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Time to Talk About the Thailand ETF

This article was originally published on ETFTrends.com.

The iShares MSCI Thailand Capped ETF (THD) is up nearly 6% year-to-date, but some market observers are concerned about economic growth in what was once one of Southeast Asia's steadiest economies. Thailand is the second-largest economy in Southeast Asia behind Indonesia.

A strong currency is part of the allure with Thailand, an important point when considering THD is not a currency hedged ETF, meaning investors should want to see the baht strong against the dollar. Thailand’s economy and incomes have historically expanded faster and remained more stable under the three times the military led government, compared to the nine civilian ones.

“Gross domestic product probably increased 3.8 percent last year, the fastest pace since 2012, before easing to 3.7 percent this year and to 3.6 percent in 2019, according to a Bloomberg survey. Once prized in Southeast Asia for its economic strength, Thailand’s growth is lagging peers with economies in Vietnam and Philippines expanding more than 6 percent,” reports Bloomberg.

The $420.3 million THD tracks the MSCI Thailand IMI 25/50 Index and holds 125 stocks. THD devotes almost 20% of its weight to financial services stocks and 19.7% of its weight to the energy sector. The industrial, consumer staples and materials sectors combine for 31% of its weight.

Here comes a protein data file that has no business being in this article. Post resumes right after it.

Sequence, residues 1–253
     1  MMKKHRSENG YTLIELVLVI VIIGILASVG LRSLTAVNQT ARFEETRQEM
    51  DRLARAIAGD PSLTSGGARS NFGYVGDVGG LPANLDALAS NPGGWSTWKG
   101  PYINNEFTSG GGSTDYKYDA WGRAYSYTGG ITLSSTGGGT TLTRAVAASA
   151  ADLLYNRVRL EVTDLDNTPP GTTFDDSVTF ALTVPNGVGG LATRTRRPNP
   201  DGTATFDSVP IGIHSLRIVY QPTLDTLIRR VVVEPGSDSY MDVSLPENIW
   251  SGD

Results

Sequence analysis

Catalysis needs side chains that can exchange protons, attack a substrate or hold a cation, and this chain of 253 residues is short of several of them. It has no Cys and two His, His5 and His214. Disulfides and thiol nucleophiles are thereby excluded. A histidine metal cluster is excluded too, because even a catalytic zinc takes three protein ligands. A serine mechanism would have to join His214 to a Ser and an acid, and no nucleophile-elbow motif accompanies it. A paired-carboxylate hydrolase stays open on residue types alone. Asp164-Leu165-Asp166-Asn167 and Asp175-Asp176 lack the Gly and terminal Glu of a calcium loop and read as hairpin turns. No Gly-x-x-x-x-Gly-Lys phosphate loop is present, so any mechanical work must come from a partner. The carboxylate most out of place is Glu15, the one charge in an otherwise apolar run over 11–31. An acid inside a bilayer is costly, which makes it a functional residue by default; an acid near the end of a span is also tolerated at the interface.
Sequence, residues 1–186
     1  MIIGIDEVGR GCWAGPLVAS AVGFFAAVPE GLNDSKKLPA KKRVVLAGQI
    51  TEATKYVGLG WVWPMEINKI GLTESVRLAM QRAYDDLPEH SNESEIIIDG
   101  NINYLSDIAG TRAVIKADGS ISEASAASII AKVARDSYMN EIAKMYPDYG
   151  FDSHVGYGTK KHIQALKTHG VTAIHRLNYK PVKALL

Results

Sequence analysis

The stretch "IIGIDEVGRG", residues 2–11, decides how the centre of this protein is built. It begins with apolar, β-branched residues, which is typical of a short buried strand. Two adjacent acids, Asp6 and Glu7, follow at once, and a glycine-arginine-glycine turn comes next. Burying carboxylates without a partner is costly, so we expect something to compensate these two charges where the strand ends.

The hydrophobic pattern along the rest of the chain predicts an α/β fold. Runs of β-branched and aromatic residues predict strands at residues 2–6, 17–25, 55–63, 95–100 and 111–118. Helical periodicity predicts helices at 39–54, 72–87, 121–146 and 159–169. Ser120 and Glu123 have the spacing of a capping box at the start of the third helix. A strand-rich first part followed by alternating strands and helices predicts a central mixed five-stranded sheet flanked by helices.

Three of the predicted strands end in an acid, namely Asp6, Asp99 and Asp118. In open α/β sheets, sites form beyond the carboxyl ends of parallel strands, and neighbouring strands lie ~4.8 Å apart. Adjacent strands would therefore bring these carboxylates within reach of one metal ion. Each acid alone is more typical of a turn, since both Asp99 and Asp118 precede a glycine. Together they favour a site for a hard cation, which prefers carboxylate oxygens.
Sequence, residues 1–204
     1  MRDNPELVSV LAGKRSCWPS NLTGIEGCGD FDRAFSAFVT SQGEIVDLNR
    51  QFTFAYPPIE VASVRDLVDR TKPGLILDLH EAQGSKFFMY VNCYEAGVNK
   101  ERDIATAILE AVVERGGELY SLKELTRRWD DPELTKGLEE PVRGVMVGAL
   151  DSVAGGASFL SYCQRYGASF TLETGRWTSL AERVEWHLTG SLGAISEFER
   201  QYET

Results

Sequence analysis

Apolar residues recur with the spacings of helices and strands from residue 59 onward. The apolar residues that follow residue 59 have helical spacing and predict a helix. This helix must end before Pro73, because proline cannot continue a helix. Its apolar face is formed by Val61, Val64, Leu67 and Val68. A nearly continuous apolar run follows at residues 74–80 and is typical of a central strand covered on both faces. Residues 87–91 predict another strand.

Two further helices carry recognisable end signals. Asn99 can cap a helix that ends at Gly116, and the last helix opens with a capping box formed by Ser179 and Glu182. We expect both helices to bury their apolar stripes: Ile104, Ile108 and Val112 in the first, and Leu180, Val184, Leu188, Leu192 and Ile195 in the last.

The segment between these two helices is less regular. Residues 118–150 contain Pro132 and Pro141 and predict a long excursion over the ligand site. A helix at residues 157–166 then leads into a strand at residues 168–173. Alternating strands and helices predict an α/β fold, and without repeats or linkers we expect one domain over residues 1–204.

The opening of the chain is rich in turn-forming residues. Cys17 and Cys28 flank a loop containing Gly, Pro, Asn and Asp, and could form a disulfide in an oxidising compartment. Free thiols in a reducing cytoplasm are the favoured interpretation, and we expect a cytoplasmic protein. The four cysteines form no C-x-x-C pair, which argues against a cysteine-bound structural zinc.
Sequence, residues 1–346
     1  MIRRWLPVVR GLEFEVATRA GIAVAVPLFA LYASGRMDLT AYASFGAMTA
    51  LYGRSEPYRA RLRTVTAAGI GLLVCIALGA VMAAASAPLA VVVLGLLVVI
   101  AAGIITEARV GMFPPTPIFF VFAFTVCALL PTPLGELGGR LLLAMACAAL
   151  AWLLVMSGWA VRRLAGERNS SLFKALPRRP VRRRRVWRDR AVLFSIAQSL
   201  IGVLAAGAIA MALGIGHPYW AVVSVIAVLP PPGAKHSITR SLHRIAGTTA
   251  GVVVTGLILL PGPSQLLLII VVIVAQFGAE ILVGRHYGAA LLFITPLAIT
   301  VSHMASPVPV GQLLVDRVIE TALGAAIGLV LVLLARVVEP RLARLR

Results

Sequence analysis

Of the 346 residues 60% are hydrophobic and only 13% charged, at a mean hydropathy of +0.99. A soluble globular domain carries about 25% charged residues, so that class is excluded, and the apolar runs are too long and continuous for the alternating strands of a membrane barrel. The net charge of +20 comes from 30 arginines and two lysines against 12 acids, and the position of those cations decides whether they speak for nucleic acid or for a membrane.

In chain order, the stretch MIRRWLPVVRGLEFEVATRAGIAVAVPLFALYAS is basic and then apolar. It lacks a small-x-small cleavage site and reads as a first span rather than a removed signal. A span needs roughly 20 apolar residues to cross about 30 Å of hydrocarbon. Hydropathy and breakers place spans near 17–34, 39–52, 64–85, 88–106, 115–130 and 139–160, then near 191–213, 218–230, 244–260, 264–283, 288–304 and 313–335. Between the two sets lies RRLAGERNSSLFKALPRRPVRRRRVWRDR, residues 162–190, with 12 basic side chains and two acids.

“Thailand’s expansion has slowed this decade, averaging 3 percent through 2016 compared with 4.6 percent in the 10 years through 2010,” according to Bloomberg. “Prime Minister Prayuth Chan-Ocha is increasing spending to a record in fiscal year 2018 which started in October while pushing ahead on a $46 billion infrastructure plan including a high-speed rail venture with China and mass transit lines in Bangkok to boost growth.”

THD has a three-year standard deviation of 13.25%, putting it on the lower end of emerging markets single-country ETFs. The ETF has a trailing 12-month dividend yield of 2%.

“The military, which has held power since a coup in 2014, said it’s on course for an election in November, although doubts remain. The Bank of Thailand has held its benchmark rate near a record-low 1.5 percent since 2015 and most economists predict no change through 2018 though some forecast an increase,” according to Bloomberg.

For more information on the Thai markets, visit our Thailand category.